BONE-CHILLING FORECAST: Daytona Beach's homeless will fight wind chills overnight near freezing

Photo for Headline Surfer / This snapshot of a homeless man identified only as 'Mike' on the Catholic Homeless Outreach: Daytona Beach Facebook page describes him as being in the Daytona Beach Regional Public Library, One of the few places during the day homeless people can go to stay warm and dry. The post continues, 'Please pray for our friend. Life on the street is tough. Just yesterday (Friday) Mike got caught in a big rainstorm followed by cold temperatures. 
YouTube download / AP  video / Close to a foot of snow blanketed parts of the Southeast on Friday, from Alabama to Pennsylvania.
 

By HENRY FREDERICK

Headline Surfer

DAYTONA BEACH, Fla -- While much of the Southeastern US saw a winter blast with upwards of 8 inches of snow and 21 inch of sleet in the last 24 hours, Florida escaped the white stuff, but not the rain. Now there's a more deadly element for Daytona Beach's homeless overnight: Bone-chilling temps near freezing.

And though the rain in Central Florida is gone, it has replaced by cold temperatures. It's really cold out there tonight in Orlando with temperatures just after 8 p.m. around 40 degrees. It's bone-chilling cold and overnight it is going to get worse: With gusting winds, the wind chill will be 33.

As reported by the Associated press, snow, sleet and freezing rain pelted a wide swath of the South early Saturday, turning roads icy and impassable in spots amid reports of car crashes as many braced for up to a foot of snow in parts of the Carolinas and Virginia. States of emergency were declared for 79 counties in Georgia and all of Alabama. Arkansas Gov. Asa Hutchinson shut state offices for non-essential personnel on Friday as the snow began piling up.

Here in Central Florida, it's dry on this Friday evening, but bone-chilling cold outside. Sunday's high will reach the mid-50s, and overnight lows early Monday will be in the upper 30s. But it's overnight tonight that is a major issue, especially for the homeless.

Catholic Homeless Outreach: Daytona Beach posted the following comment on its Facebook page this afternoon: It's going to drop into the 30s tonight. We are hitting the streets with hats, gloves, handwarmers, socks, and a lot of love for homeless friends today.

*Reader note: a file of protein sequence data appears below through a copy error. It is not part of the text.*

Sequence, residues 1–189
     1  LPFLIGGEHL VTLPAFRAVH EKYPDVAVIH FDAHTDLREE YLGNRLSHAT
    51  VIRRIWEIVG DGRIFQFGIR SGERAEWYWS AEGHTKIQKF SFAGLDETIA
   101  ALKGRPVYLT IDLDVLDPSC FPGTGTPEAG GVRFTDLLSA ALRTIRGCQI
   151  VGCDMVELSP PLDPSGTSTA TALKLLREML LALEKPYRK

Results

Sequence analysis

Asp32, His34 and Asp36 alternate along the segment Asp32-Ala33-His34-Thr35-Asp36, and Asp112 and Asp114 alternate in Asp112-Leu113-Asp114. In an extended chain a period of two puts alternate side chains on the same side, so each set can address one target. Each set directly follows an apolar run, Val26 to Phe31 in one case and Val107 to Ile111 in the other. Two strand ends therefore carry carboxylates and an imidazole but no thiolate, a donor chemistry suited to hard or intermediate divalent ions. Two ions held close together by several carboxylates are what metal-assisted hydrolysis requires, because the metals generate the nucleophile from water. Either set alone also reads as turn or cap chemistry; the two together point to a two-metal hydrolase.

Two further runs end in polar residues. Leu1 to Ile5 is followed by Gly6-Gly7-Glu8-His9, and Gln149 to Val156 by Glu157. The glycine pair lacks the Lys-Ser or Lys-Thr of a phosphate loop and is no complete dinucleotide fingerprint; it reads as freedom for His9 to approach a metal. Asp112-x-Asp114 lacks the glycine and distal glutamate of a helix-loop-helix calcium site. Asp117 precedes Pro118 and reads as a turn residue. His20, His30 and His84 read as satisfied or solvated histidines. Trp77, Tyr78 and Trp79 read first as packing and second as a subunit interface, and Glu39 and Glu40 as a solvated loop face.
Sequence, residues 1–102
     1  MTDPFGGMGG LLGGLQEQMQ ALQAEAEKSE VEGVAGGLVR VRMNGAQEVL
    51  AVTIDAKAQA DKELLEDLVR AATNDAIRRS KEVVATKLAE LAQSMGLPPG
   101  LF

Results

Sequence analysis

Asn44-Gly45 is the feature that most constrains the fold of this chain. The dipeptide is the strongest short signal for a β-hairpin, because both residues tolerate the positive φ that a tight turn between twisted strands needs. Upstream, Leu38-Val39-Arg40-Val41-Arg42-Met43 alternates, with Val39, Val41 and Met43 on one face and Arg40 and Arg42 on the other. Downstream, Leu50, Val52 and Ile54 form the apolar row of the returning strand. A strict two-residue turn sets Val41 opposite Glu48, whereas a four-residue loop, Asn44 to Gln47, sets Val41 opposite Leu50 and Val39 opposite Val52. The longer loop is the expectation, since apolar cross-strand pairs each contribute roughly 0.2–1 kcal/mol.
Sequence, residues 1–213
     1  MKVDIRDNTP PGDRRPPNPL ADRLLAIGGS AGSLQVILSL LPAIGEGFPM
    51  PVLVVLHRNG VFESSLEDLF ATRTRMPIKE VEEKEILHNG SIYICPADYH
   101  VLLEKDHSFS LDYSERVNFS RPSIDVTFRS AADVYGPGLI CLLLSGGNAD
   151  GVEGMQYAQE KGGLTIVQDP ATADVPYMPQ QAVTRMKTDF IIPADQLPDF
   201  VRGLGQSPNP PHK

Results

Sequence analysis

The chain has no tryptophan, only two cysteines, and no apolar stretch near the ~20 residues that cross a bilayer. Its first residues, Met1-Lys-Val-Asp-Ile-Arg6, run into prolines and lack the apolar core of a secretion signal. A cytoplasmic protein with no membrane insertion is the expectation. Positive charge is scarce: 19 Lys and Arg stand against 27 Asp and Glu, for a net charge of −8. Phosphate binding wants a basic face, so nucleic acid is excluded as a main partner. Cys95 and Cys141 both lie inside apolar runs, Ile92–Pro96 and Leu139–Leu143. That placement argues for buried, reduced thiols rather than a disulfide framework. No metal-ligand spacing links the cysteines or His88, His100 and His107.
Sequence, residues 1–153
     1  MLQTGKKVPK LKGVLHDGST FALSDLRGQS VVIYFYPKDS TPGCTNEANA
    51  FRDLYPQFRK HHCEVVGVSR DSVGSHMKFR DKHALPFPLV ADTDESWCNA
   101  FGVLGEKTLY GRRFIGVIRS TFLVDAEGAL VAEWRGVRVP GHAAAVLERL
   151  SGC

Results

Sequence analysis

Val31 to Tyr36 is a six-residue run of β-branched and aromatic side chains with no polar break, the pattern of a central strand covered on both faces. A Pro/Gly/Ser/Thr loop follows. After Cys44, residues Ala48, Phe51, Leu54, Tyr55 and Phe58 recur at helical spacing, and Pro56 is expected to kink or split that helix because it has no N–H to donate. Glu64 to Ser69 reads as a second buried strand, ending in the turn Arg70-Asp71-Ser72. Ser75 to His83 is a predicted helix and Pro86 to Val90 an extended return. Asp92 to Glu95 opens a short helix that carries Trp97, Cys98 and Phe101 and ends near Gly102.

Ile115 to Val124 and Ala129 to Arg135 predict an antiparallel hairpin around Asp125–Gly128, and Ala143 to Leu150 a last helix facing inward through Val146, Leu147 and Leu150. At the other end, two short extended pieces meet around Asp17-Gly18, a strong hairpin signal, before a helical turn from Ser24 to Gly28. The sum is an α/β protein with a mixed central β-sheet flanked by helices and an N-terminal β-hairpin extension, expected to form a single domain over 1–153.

With two-plus years of intense politics and lots of talk, and not enough beds to go around, the cold hard reality is homeless people in and around Daytona will be exposed to bone-chilling temperatures in the high 30s, but with gusting winds, the wind chill will make it feel like 33 degrees out there, according to the National Weather Service in Melbourne. Perhaps the most potent comment among public figutres or politicians in social media on the issue was Tom Laputka, former mayor of Orange City and a candidayte for county chair last year, who said, "Tonight's temperature will be 34 degrees. In Volusia County there are many Homeless and in need of shelter! As compassionate citizens we must strongly consider our responsibility to our fellow man!" 

In contrast to the constant bickering and passing buck between miuncipal and county govrernments, it was the good sense of three community leaders -- ICI Homes executive Forough Hosseini, Halifax Urban Ministries Executive Director Mark Geallis and Volusia County Managr Jim Dinneen who fought tooth and nail for the conversion of a the closed Hurst Elementary School to be be purchased by the county and converted iunto a facility for homeless families and unaccompanied teens still in school. It was passed unanimously by the County Council last year. But there is little chance a plan for the chronic homeless will be passed any time soon -- at least not the duration of January or February, the coldsest months of the year, even as yet another pln is being floated in its early stages: There are no concrete time frames.